Essentially, the authors of this tool figured out the optimizations that Apple were doing, and reversed the steps to convert them back into standard PNG images. The tool relied upon a compiled-in version of the libpng library.
Recently when I went to use this tool again, I noticed that it did not work reliably. It dumped lots of memory errors and complained of “extra compressed data” in the input files. I then proceeded to spend too many hours trying to fix it, bashing my head against libpng, before my friend Tom Harrington alerted me to an Xcode-bundled tool that can do the job reliably:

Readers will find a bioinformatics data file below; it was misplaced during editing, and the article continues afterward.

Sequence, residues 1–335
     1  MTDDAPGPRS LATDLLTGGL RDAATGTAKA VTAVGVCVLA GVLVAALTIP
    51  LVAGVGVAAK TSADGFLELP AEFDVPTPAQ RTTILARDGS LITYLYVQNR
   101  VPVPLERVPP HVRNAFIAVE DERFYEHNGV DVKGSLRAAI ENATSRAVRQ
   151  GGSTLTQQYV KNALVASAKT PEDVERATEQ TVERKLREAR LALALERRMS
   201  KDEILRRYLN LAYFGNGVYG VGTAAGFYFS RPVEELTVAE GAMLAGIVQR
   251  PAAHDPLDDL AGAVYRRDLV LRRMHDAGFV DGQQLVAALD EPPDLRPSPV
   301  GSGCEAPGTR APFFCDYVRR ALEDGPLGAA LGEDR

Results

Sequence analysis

…a more accurate description of the issue is that they are not PNGs despite using a PNG header and similar file structure and purloining the .png extension.
The PNG specification has very specific conformance requirements specifically to avoid incompatible variants popping up, and disguising the iPhone-optimized pictures as PNGs is a downright Microsoftishly destructive thing to do.
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